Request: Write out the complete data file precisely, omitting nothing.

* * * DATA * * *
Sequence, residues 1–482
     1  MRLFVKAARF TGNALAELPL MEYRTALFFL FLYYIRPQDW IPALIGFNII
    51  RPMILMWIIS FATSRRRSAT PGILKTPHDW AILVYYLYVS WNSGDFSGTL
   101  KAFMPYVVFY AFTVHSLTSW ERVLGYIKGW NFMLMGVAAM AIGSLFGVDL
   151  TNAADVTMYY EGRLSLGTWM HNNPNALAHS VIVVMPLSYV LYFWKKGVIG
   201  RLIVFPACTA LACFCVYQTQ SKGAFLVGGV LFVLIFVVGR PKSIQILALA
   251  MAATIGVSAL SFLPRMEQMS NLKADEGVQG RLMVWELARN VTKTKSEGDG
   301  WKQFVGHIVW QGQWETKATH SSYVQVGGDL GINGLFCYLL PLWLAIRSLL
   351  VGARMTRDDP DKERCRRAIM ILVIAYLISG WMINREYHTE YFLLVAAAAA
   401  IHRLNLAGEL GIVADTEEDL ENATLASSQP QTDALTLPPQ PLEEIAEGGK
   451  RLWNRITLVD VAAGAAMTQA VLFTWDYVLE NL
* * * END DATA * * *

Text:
Sequence, residues 1–482
     1  MRLFVKAARF TGNALAELPL MEYRTALFFL FLYYIRPQDW IPALIGFNII
    51  RPMILMWIIS FATSRRRSAT PGILKTPHDW AILVYYLYVS WNSGDFSGTL
   101  KAFMPYVVFY AFTVHSLTSW ERVLGYIKGW NFMLMGVAAM AIGSLFGVDL
   151  TNAADVTMYY EGRLSLGTWM HNNPNALAHS VIVVMPLSYV LYFWKKGVIG
   201  RLIVFPACTA LACFCVYQTQ SKGAFLVGGV LFVLIFVVGR PKSIQILALA
   251  MAATIGVSAL SFLPRMEQMS NLKADEGVQG RLMVWELARN VTKTKSEGDG
   301  WKQFVGHIVW QGQWETKATH SSYVQVGGDL GINGLFCYLL PLWLAIRSLL
   351  VGARMTRDDP DKERCRRAIM ILVIAYLISG WMINREYHTE YFLLVAAAAA
   401  IHRLNLAGEL GIVADTEEDL ENATLASSQP QTDALTLPPQ PLEEIAEGGK
   451  RLWNRITLVD VAAGAAMTQA VLFTWDYVLE NL